Prime Minister Malcolm Turnbull has announced a multi-million-dollar plan to protect the Great Barrier Reef against coral-eating crown-of-thorns starfish and farm run-off.
The $60 million scheme, outlined by Mr Turnbull in Townsville on Monday, will include funding farmers to reduce sediment run-off and research over the next 18 months.
“The Turnbull Government will support world-first research to secure the viability of the Great Barrier Reef and the 64,000 jobs that rely on its prosperity,” a government statement said.
About $36 million will go towards initiatives encouraging farmers to reduce pollution entering reef waters, with a further $10.4 million to boost the number of vessels targeting an outbreak of coral-eating crown-of-thorns starfish from three to eight.
Additional field officers providing early warning of further coral bleaching will also be taken on as the reef reels from back-to-back coral bleaching events in 2016 and 2017.
The announcement was met by criticism from environment groups who slammed Mr Turnbull for “tinkering around the edges” and not doing enough to reduce harmful emissions.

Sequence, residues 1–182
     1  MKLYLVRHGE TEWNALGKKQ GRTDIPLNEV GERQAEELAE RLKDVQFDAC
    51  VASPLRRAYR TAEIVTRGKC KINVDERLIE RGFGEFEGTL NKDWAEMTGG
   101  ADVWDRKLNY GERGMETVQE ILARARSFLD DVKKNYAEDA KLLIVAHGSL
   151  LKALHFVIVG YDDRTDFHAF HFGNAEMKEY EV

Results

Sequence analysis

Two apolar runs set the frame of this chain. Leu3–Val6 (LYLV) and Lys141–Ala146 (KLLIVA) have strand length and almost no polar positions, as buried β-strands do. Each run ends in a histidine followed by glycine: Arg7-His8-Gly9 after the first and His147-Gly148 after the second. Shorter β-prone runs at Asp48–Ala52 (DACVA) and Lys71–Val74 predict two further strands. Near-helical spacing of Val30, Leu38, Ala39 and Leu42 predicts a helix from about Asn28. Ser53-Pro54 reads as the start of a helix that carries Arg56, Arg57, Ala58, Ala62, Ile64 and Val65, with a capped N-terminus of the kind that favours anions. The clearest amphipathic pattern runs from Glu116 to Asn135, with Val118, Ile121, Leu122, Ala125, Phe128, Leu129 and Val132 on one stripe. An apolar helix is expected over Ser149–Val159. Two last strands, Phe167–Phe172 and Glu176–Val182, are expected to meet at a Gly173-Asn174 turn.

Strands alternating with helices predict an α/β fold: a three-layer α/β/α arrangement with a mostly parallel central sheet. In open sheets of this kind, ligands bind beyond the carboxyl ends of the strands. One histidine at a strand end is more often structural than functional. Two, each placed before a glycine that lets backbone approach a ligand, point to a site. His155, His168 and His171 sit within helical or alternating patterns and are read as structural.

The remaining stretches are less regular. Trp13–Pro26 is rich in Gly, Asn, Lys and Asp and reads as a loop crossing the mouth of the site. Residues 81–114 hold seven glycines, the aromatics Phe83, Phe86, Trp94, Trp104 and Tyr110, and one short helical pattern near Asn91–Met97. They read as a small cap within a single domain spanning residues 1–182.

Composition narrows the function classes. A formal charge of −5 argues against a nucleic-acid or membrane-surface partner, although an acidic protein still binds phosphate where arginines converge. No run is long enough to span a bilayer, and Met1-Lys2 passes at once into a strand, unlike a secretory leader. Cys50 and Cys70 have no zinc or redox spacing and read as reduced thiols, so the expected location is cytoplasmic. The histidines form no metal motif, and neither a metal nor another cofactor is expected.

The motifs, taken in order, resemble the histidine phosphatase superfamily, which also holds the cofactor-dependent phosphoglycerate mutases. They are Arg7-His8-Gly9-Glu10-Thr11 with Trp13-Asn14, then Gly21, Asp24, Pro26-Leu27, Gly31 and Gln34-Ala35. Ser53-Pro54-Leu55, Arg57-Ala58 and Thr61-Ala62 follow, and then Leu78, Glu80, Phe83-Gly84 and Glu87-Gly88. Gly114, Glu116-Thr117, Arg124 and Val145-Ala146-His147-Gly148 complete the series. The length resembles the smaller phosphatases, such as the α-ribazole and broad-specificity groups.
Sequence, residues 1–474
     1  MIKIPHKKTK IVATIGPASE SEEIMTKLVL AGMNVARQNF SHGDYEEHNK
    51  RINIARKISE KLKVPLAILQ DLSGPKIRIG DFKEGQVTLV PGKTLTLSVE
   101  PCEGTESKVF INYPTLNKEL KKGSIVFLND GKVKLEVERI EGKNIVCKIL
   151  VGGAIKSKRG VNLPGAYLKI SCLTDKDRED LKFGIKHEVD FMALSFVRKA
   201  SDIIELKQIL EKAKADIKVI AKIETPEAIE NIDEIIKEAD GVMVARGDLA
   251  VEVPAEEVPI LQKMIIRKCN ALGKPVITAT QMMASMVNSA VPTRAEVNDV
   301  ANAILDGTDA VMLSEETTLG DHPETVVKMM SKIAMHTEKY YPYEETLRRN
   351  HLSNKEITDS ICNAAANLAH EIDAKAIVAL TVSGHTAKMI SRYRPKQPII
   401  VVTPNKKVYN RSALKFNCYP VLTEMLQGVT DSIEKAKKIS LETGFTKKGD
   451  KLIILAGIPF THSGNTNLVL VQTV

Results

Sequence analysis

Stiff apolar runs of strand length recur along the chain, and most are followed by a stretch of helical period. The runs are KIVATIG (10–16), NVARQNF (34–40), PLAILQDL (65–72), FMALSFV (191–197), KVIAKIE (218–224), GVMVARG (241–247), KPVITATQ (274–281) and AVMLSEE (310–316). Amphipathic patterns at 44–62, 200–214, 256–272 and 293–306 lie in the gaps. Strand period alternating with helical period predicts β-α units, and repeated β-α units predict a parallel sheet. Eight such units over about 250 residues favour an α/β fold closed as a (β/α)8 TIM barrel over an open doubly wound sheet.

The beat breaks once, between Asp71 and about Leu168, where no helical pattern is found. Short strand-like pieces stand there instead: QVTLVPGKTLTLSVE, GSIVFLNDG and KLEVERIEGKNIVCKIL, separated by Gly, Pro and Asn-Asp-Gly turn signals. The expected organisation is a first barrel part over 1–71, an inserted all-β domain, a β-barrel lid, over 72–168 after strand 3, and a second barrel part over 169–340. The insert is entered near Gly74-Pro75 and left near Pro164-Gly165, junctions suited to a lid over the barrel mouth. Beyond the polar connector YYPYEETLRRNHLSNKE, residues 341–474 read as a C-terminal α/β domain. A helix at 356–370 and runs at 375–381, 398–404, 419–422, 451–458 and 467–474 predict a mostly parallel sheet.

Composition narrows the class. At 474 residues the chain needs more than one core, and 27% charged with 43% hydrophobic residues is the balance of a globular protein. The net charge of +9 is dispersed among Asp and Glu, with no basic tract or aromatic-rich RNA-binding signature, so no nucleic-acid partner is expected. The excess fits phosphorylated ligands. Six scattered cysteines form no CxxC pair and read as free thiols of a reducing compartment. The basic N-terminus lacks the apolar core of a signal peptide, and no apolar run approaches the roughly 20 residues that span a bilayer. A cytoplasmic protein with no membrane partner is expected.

“If Mr Turnbull genuinely cared about our precious reef and the 64,000 people who depend on it, he would get serious about fighting climate change instead of engaging in fantasy solutions that ignore the real issue,” Greenpeace Australia Pacific Climate and Energy Campaigner Dr Nikola Casule said.
Queensland Premier Annastacia Palaszczuk welcomed the funding, but also highlighted the hundreds of millions of dollars her own government had spent on initiatives to protect the reef and improve water quality.
“The extra funding is welcome but it is nowhere near the amount of funding that my government is investing in our greatest natural asset,” she told reporters in Logan on Monday.